The Tin Star – About

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The Tin Star

Theatrical release poster
Directed by Anthony Mann
Produced by William Perlberg
George Seaton
Written by Joel Kane
Dudley Nichols
Barney Slater
Starring Henry Fonda
Anthony Perkins
Music by Elmer Bernstein
Cinematography Loyal Griggs
Edited by Alma Macrorie
Distributed by Paramount Pictures
Release date
  • October 23, 1957
Running time
93 min.
Country United States
Language English
Box office $1.4 million (US rentals)

The Tin Star is a 1957 American western film based on a short story, directed in VistaVision by Anthony Mann and starring Henry Fonda and Anthony Perkins, in one of Perkins’ first roles. The film became one of the few low-budget westerns to be nominated for the Academy Award for Best Writing, Story or Screenplay. Since its release, the film has become one of the classics of the genre.


Bounty hunter Morgan Hickman (Henry Fonda) arrives in a small town with the body of an outlaw, seeking the bounty. While the general townsfolk openly abhor Hickman, young sheriff Ben Owens (Anthony Perkins) admires the man for taking everything in stride and knowing how to handle dangerous situations.

Hickman tells Owens that he was once a sheriff himself, but Dr McCord doubts this. Nevertheless, Owens persuades Hickman to teach him the ways of a lawman, forcing Hickman to face his past and his lost virtues.

Hickman lives on the edge of the town with Nona Mayfield, herself an outcast due to her half-caste son, Kip, who is half Indian. Treatment of Indians acts as a sub-plot including scenes such as the gunning down of an Indian by a white man, under the philosophy of nobody cares.

Things come to a head when Dr McCord is returning home during the night having delivered a baby son to a remote homesteader. He is waylaid by Ed McGaffey (Lee Van Cleef) asking him to treat a gun wound on his brother. This he does, but then McGaffey decides to kill him as he knows too much, despite the pleas of his now recovering brother.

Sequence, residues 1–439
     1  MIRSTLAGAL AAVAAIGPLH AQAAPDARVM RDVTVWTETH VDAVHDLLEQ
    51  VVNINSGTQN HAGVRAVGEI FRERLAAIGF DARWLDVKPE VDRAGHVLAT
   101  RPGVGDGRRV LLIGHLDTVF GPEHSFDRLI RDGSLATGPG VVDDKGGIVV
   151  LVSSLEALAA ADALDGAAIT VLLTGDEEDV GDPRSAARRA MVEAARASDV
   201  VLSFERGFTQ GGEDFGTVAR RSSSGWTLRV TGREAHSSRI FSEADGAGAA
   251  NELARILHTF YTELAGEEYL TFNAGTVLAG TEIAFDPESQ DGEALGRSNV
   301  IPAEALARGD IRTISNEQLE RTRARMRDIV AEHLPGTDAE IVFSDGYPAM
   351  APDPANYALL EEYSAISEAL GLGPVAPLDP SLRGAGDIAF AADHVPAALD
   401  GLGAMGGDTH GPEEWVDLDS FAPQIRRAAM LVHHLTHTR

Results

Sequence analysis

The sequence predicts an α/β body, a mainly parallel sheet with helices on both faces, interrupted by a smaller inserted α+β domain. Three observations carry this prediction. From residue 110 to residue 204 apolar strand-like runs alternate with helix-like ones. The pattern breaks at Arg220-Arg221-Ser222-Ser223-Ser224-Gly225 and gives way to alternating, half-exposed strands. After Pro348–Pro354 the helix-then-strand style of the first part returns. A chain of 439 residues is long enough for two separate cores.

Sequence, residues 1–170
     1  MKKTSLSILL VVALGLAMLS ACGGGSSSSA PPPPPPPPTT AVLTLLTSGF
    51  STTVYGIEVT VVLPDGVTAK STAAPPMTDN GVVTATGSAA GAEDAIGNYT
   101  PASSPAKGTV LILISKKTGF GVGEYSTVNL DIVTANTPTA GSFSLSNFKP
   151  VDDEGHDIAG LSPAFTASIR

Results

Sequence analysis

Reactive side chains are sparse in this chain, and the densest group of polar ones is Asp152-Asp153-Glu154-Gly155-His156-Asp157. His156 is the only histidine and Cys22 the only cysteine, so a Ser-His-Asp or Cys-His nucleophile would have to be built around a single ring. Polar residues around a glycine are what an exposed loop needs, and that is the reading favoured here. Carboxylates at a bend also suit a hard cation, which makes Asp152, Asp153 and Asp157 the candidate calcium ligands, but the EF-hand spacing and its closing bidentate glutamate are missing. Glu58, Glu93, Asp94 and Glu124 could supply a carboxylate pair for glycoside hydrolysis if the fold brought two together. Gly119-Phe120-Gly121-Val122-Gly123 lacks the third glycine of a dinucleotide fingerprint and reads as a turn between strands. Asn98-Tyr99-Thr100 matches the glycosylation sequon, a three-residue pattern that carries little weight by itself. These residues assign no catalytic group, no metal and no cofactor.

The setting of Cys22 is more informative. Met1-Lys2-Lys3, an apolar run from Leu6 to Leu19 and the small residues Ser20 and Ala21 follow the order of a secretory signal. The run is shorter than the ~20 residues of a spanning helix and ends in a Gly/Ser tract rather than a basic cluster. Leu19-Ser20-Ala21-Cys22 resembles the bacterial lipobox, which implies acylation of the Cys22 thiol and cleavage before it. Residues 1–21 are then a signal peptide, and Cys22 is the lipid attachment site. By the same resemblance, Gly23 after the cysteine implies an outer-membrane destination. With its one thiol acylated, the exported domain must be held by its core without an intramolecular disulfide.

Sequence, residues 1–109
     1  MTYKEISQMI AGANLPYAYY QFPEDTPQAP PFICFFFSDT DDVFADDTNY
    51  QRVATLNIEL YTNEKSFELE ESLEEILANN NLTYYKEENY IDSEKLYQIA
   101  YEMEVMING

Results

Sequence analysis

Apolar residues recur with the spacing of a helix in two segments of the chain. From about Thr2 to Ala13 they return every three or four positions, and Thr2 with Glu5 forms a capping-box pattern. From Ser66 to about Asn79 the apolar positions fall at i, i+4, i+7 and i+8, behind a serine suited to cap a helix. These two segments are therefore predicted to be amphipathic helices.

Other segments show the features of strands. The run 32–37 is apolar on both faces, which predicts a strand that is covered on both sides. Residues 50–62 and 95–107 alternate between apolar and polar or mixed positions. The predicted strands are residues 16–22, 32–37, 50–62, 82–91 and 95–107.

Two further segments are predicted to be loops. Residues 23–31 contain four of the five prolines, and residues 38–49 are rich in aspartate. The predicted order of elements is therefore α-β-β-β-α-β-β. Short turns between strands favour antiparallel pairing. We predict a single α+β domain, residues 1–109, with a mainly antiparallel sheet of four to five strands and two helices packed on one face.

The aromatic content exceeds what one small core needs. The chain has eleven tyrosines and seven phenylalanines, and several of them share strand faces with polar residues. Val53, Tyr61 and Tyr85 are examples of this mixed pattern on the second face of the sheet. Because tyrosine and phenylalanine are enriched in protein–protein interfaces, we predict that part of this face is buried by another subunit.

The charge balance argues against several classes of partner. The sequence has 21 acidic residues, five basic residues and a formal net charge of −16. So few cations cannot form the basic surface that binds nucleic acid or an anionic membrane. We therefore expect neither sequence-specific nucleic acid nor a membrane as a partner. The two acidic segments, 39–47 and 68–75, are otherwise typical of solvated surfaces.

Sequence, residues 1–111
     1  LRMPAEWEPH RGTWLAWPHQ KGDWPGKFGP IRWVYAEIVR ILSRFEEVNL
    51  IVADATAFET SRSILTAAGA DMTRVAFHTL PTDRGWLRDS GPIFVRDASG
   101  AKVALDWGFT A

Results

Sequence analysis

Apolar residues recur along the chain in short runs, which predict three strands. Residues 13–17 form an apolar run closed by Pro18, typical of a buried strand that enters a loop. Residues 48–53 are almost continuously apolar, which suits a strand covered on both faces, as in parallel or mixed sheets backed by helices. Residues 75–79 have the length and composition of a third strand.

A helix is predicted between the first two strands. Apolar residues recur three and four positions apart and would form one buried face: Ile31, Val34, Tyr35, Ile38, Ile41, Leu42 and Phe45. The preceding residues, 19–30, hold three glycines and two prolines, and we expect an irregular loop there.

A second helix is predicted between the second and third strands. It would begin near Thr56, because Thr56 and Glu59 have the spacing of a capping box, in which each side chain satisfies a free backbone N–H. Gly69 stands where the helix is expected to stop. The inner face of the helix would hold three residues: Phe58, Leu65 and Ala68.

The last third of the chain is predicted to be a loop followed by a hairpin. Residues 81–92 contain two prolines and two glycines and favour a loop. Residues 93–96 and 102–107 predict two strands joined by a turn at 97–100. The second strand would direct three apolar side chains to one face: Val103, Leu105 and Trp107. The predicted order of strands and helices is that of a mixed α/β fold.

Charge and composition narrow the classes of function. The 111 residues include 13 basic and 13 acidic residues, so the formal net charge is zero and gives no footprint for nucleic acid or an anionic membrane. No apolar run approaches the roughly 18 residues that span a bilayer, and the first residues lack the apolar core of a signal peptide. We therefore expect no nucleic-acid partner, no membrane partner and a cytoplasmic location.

Dr. McCord’s horse and trap re-enter the town on McCord Day: where the whole town has come out to celebrate the doctor’s 75th birthday. To a resounding chorus of “For He’s A Jolly Good Fellow” the town realize he is dead. A posse is then assembled to catch McGaffey. However, the posse split from the sheriff because they see him as too soft. Young Kip rides out after the posse and Hickman and the sheriff team up to track him down.

In finding Kip they accidentally stumble upon McGaffey and his brother hiding in a mountain cave. After a gunfight in which the sheriff receives a bullet graze on the forehead they successfully capture the brothers and lock them in the town jail. However the posse is baying for blood and want to lynch the pair. The posse gets drunk in the town bar, to find the courage to do the deed, urged on by the ringleader. The sheriff stands against the crowd with a shotgun to defend the pair for a legal trial. The ringleader (the man who earlier shot the Indian) has a standoff with the sheriff. The sheriff approaches the ringleader alone, with the mob separating for a gunfight. The newly deputized Hickman holds the shotgun near the jail. The ringleader hesitates as the sheriff approaches. The ringleader appears to back down after the sheriff slaps him, but turns around and draws after going a few steps. The sheriff guns him down. At this point the lynch mob disperses.

Hickman then happily leaves town (with Nona and Kip Mayfield).


See also


  1. Jump up^ “Top Grosses of 1957”, Variety, 8 January 1958: 30

External links


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